Feeling nostalgic?  

Do you ever get an ear worm, a tune which unbidden starts to play in your head and whether you like it or not you can’t find the off switch! I recently had an earworm from my youth, not the whole song just the opening guitar riff. So off I went to YouTube to find the track, relive some of my youth, and sonically upset the rest of the house.  

Oh …what was the song? It was a song called Constantly Changing by Swedish heavy rock band Jerusalem. You can listen HERE, go on you know you want to, but remember to turn the volume up full. 

Vive la différence 

My brother had very different music tastes from me. Many times, I’d listen to music which was different from his just because I did not want to admit I liked his music. We shared a room so we could not avoid hearing each other’s music, and an album he’d play was by Dion, on which was a track called I Put Away my Idols.   

A Cycle  

This Sunday we will be in book of Judges. There is a cyclical pattern which repeats throughout the book and opens the stories of the heroes many of us learned about if we went to Sunday School (I’m feeling nostalgic again!). This pattern starts with the phrase “The Israelites did what was evil in the sight of the Lord” (Judges 2:11; 3:7; 3:12; 4:1; 6:1; 9:23; 10:6; 13:1).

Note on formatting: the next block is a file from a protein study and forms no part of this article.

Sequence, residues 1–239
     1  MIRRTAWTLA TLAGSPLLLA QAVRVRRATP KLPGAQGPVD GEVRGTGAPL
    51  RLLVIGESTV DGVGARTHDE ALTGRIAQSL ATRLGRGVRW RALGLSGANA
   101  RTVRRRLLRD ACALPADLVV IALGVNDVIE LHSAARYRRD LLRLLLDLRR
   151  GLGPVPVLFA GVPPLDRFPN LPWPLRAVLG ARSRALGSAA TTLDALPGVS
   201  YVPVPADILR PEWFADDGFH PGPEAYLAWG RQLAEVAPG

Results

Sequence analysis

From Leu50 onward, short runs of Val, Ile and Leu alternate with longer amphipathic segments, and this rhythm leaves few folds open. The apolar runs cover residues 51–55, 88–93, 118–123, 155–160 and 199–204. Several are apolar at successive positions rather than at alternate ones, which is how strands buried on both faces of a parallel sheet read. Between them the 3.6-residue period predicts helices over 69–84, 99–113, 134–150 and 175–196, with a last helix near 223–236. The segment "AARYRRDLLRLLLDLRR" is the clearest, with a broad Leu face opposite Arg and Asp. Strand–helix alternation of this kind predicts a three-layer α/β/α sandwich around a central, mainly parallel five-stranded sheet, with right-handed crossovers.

This phrase, did what was evil in the sight of the Lord, is not referring to general sin(s), although I am sure that is a biproduct, but to the act of idolatry. Rather than put away their idols, the Israelites adopted and collected the idols of the surrounding culture.  

Strictly speaking 

Strictly speaking what the Israelites were often practising was what we call religious syncretism. They worshipped God (Yahweh) and local deities such as Baal.  

The consequences of this were never good, their idolatry led to other sins, led to their conquest and subjugation, led to suffering and injustice.  

Good News 

The good news is that God’s covenant faithfulness meant that even though Israel was not faithful to God he was faithful to them. God repeatedly saves his people from the calamity, oppression, and suffering they have brought upon themselves, by raising up a judge to bring about salvation. Following this salvation there would be a period of peace (“the land had rest” Judges 3:11; 3:30; 5:31; 8:28).  

Different World, same challenges! 

We live in a very different world to the time of the Judges. Yet, we face many similar challenges.  

Remember, the people did not stop worshipping God, they just added other objects of worship to their worship of God. We, like the ancient people of Israel, are surrounded by things which can become idols, which unwittingly or knowingly we place before God, so they become objects of our worship.  

Our temptation may not be to worship Baal, but what about work, success, possessions, image and reputation, money … and so the list could go on.  

More Good News 

The good news is that God’s covenant faithfulness, his love does not change. Just as God raised up judges to save his people, so God continues to act to save us from ourselves and from the sinful structures of our world which seek to draw us away from true worship of Him.